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Book Summary:

A newly published British import, this is a basic Aikido overview in a quality package. There are sections on history, biographical data, the Aikido mindset, technical information, and self-defense. Note: A 2007 Lorenz release entitled "T'ai Chi and Aikido" contains a word-for-word republication of this book, along with a previous T'ai Chi publication.

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Review by: Clark Bateman

This newly published book is an ambitious effort by Peter Brady Sensei, longtime student of Kazuo Chiba Sensei, and a principal figure in the British Aikido scene. The book is billed as a “guide to the history, philosophy practice and etiquette” of Aikido, and as a “complete Aikido course, from beginner to advanced level”.

The book is logically divided into sections, beginning with a look backward (several hundred years worth) at the evolution of the thinking and technical elements that most will accept as the basis for the development of O’Sensei’s Aikido. Included are glimpses at the formation of the Seiwa Genji and Minamoto No Yoshimitsu, into the Takeda clan, and forward through the DaitoRyu of Sokaku Takeda, to O’Sensei and into contemporary times. There are numerous vintage photographs in this section. There is then a nice section on traditions and etiquette. The explanations of formal sitting and bowing positions are insightful and well-illustrated.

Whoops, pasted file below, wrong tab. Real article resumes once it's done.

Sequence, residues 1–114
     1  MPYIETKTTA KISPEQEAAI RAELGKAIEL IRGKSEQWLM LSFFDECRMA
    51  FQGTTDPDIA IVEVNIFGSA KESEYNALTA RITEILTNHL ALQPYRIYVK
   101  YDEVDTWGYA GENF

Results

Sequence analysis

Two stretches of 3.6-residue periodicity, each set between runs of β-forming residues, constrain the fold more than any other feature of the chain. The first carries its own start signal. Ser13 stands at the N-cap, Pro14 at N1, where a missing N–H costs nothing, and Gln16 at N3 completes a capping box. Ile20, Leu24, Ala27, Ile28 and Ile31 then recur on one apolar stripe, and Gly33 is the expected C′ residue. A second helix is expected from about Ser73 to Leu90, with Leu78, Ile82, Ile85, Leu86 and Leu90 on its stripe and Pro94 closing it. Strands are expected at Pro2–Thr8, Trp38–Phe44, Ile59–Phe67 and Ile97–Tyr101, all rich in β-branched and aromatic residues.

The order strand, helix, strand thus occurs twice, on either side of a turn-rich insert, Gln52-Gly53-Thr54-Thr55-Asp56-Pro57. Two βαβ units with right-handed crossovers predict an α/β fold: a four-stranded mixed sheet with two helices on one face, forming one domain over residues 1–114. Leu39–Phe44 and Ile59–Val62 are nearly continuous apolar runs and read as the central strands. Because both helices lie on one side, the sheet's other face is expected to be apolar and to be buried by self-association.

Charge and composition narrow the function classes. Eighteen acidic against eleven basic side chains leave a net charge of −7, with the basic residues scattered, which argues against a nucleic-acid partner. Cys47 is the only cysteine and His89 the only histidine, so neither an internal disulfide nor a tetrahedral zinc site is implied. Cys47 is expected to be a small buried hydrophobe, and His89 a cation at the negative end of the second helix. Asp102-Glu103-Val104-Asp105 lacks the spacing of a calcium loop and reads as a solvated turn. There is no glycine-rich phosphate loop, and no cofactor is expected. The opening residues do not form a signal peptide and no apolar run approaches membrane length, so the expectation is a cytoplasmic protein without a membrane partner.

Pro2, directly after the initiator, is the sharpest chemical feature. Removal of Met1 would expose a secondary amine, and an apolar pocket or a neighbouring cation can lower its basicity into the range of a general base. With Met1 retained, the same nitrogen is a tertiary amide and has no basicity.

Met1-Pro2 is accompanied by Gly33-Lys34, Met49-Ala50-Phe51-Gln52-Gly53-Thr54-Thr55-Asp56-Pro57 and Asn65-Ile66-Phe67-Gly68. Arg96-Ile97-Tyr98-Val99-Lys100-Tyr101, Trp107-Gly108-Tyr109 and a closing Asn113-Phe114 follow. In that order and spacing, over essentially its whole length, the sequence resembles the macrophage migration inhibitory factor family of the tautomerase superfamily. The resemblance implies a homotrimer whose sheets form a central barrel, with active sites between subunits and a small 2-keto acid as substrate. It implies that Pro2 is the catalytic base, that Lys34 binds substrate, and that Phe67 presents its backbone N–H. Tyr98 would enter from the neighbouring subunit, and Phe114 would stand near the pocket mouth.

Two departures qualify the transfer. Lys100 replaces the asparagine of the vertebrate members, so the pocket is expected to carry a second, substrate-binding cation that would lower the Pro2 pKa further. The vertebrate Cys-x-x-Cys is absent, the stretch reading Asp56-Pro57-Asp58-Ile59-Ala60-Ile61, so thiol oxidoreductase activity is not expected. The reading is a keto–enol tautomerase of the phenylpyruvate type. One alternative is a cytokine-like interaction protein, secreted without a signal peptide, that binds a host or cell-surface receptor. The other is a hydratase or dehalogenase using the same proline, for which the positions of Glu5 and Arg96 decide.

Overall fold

A section follows on the basic Aikido principles and philosophy, ki and kokyo, and clothing and equipment. Next is a large section on warm-ups, stretching and other preparatory activities. The remaining half of the book is devoted to basic-to-intermediate techniques, both taijutsu and bukiwaza. A practical self-defense commentary is included.

Initially, I was skeptical when I saw the publisher’s claims that this was a complete advanced course in Aikido. Indeed, it most certainly is NOT. But it is an organized, very well thought out and presented primer. It is the type of book one might seek in a library if one wanted to learn a lot about Aikido from the outside, in order to better understand the history and conventions of the art. The excellent quality of the photography (most non-archival stuff is in full color), and the good quality glossy paper, combine to make for an attractive package. There are numerous “sidebars” in the text, which highlight featured content. The typeset and spacing is very readable, although the photo captions are a little tough on aged eyes. The book is a big, coffee table sized volume (it wouldn’t fit entirely on my scanner) but this adds to the overall feeling of quality and substance.

The serious Aikido student is probably not going to find much new information here, but there is a lot of the conventional data here all in one place. Standard Japanese-language naming conventions are used. There was obviously a lot of work put into this book, and it is easily a good value at the cover price of $24.99. The usual outlets have been taking pre-orders, and assuming there is adequate supply to fill those, you should now be able to order one for immediate shipment. Recommended.

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